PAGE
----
Archive of October 13, 2010

Church in Costa Rica urges government to maintain IVF ban

San José, Costa Rica, Oct 13, 2010 (CNA) - The president of the Bishops’ Conference of Costa Rica, Archbishop Hugo Barrantes Urena, has called on the country's government to continue its ban on in vitro fertilization, despite pressure from the Inter-American Commission on Human Rights (IACH) to legalize the procedure.

In vitro fertilization has been illegal in Costa Rica since 2000, however, the IACH has criticized the legislation and is calling for its reversal.

The archbishop noted that although IVF is presented as a final opportunity for those suffering from infertility, women are often not told that a number of embryos are destroyed in order for the procedure to be successful.

Costa Rica’s Constitutional Court ruled to ban IVF in 2000, noting that human life must be protected from the moment of conception.

Archbishop Barrantes slammed the IACH for a report omitting any reference to the respect for human life from the moment of conception and for giving importance only to the right to privacy and to a woman's right over her own body.

The Costa Rican government, he said, must follow its constitution and refuse efforts to put the desires of couples above the life of the unborn. He added that while the suffering of couples unable to conceive is understandable, “a child is ‘always a gift’ and can never be a means for satisfying a need or a desire. Rather, her dignity as a person demands that she always be treated as an end.”

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Abortion cannot be justified, teaches Argentinean archbishop

Santa Fe, Argentina, Oct 13, 2010 (CNA) - This week, Archbishop Jose Maria Arancedo of Santa Fe de la Vera Cruz, Argentina devoted his weekly radio program to the issue of abortion. The prelate criticized groups who promote the procedure as a “right” that must be protected by society.

After recalling that the unborn child is a human being from the moment of conception with its own DNA, the archbishop noted that no matter how tragic the situation may be, the unborn child’s right to life, “which is the first of all rights,” must always be respected.

“This isn’t taking a right away from anyone, it is defending the rights of a person,” he explained.

The archbishop stated that the law must protect the dignity of every human being, which does not depend on religious beliefs but on scientific fact and human nature.  “We are dealing with a fact that transcends the individual and the private sphere, because both the life of a person and the culture of a society are at stake.”

Archbishop Arancedo pointed out that in the countries where abortion is legalized, the number of cases do not decrease, as abortion proponents argue, but rather dramatically increase and the practice becomes accepted. “How sad and unjust to hear, ‘the practice has become accepted,’ which is the same as saying, that a culture has been established.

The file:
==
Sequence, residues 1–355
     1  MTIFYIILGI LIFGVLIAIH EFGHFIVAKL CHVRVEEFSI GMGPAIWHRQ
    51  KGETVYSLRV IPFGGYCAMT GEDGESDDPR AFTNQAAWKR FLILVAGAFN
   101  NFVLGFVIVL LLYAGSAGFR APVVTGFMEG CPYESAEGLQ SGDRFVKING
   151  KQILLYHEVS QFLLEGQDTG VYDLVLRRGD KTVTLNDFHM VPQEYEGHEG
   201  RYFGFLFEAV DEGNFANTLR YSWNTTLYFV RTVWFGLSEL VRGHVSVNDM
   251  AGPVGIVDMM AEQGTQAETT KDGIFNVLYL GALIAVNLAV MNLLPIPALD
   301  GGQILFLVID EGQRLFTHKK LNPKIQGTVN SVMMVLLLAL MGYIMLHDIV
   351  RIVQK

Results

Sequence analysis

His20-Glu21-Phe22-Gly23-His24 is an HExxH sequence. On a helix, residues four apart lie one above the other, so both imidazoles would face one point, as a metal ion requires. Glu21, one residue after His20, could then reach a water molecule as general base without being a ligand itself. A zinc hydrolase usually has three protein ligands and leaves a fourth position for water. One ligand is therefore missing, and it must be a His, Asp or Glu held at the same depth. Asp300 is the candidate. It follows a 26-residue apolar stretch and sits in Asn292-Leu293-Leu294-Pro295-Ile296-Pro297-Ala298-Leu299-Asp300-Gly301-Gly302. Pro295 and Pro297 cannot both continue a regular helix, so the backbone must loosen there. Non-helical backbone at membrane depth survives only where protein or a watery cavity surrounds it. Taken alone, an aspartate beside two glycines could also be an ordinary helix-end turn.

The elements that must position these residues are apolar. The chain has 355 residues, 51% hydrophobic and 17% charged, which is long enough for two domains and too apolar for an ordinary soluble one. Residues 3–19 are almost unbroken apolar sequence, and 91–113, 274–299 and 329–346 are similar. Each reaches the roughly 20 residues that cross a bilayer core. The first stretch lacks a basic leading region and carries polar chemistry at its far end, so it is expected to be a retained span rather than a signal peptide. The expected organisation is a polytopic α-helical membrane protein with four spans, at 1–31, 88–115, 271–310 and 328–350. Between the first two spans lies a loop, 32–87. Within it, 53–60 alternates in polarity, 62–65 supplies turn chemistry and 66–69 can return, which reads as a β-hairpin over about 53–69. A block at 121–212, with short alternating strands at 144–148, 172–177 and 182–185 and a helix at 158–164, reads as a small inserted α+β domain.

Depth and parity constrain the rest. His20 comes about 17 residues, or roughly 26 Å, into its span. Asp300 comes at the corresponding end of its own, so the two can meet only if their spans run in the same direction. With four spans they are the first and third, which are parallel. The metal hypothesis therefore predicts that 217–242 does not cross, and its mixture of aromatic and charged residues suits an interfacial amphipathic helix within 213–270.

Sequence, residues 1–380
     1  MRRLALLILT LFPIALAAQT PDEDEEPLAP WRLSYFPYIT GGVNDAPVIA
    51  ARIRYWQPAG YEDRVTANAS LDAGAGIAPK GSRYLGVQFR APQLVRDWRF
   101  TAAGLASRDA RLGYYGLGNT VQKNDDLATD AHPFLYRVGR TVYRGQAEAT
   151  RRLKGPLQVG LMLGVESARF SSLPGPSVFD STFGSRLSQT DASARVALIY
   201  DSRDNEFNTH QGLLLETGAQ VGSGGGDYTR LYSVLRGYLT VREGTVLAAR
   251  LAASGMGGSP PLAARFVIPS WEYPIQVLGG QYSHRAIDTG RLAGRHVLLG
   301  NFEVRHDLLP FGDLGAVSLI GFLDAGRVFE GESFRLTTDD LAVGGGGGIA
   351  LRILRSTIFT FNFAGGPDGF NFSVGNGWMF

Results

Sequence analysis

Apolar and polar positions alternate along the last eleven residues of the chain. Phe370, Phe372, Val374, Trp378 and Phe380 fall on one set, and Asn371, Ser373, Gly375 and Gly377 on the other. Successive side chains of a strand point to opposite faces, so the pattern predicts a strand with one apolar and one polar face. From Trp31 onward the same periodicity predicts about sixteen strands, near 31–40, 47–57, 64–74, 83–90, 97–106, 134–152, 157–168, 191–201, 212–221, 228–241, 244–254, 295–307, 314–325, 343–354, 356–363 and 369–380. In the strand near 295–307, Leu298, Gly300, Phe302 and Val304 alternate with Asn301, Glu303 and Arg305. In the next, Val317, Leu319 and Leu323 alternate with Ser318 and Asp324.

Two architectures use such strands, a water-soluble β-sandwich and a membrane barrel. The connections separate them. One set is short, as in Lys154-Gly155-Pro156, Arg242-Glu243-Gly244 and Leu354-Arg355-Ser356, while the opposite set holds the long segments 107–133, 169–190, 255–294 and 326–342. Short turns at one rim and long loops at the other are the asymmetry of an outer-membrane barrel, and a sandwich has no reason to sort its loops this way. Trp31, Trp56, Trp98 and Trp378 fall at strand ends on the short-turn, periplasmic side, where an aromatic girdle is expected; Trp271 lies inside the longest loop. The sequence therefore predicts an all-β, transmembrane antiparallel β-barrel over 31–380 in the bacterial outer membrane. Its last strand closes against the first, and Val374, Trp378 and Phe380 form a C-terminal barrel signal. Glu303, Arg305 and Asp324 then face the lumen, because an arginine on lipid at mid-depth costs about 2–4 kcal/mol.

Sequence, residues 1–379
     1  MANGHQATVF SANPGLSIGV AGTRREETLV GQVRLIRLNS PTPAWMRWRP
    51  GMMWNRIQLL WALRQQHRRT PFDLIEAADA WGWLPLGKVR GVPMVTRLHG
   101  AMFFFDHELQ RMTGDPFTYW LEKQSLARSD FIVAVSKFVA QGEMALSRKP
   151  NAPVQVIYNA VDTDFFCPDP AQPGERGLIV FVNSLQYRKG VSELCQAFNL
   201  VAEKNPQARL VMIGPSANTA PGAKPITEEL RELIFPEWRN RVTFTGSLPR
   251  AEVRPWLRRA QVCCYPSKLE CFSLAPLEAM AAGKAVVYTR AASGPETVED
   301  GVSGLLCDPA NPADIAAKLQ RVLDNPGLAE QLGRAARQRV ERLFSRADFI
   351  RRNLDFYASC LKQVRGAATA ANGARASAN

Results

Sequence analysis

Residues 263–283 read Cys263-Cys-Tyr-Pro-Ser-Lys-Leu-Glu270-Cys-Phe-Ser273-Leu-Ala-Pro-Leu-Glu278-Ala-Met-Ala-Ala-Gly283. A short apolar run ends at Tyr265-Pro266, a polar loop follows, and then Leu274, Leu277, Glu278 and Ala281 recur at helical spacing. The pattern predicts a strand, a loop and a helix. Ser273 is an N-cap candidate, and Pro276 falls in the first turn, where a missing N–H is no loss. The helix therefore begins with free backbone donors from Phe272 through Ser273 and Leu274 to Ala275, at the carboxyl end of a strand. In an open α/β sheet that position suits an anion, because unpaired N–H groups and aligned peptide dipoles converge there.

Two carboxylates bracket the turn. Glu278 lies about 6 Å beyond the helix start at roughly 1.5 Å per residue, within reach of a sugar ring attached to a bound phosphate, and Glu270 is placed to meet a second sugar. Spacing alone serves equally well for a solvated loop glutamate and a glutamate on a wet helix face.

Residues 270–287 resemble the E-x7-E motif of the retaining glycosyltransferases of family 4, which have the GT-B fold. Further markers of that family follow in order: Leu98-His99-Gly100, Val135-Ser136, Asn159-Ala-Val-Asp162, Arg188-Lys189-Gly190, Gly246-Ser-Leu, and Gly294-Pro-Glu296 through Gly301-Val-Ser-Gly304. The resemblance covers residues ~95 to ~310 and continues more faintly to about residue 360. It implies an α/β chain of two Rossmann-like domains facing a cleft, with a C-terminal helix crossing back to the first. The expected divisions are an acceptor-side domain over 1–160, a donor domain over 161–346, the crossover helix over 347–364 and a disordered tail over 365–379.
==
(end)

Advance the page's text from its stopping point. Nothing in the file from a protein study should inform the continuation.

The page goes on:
“The law that makes abortion illegal, therefore, has a preventative and pedagogical reason, inasmuch as it protects and defends the value of life,” the archbishop said. “For this reason, the true degree of civility of a nation is measured by how it protects those most in need,” he added.

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Bishops call for continued prayers as Chile experiences 'Easter morning'

Santiago, Chile, Oct 13, 2010 (CNA/EWTN News) - The Bishops’ Conference of Chile issued a statement this morning on the ongoing rescue efforts to bring the 33 trapped miners to the surface at the San Jose Mine and reunite them with their families.

The miners have been trapped under a half-mile of rock deep beneath Chile's Atacama Desert since the mine shaft collapsed Aug. 5. Rescue workers originally projected that the miners would be free in late December.

The first of the miners was brought to the surface on Oct. 13 and rescue officials now say it is possible that all will be free within a day.

In a statement titled, “Chile is experiencing an Easter Morning,” the bishops' press office noted that “the word of God is being proclaimed with force” outside the mine, “as the first miners have been brought to the surface and reunited with their families.” The statement added that prayers of gratitude have characterized the rescue efforts. “Some have offered up prayers as soon as they walked out of the capsule Phoneix 2, which carried them to safety.”

“While prayer vigils are being carried out throughout the country and will conclude with rescue of the last miner, a grateful and emotional nation closely follows operation ‘San Lorenzo,’ as this rescue effort has been dubbed” in honor of St. Lawrence, continued the bishops' conference.

St. Lawrence is the patron of miners.

The Chilean bishops “have invited all communities to continue praying and thanking the God of life for this Easter moment which we are all witnessing,” the statement said.

Cardinal Francisco Javier Errazuriz of Santiago joined numerous other Chilean bishops for a Mass and prayer vigil that began at 11:00 p.m. Tuesday, coinciding with the beginning of the rescue effort.

Earlier this week, Bishop Alejandro Goic Karmelic, encouraged the faithful to intensify their prayers for the success of the rescue operation. “This is an opportune moment for the entire Church to unite in this prayer of faith and hope,” he said.

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Dialogue needed in Middle East to prevent Muslim-Christian clash, says patriarch

Vatican City, Oct 13, 2010 (CNA/EWTN News) - Without dialogue a "new clash" of the Muslim East and Christian West could result, said one Eastern Catholic patriarch during discussions at the Vatican yesterday on the Church in the Middle East.

Patriarch Gregorios III Laham, Patriarch of Antioch of the Greek Melkites, Archbishop of Damascus of the Greek Melkites, said in his Tuesday afternoon address to participants in the Synod for the Middle East that living together in peace and the Christian presence in the region are concretely and existentially connected.

Pointing to the Israeli-Palestinian conflict as the "main reason" for this conflict, he said that the situation is marked by fundamentalism, slow development, increased hatred and a loss of hope among young people who are the majority of the population (60 percent) in Arab countries.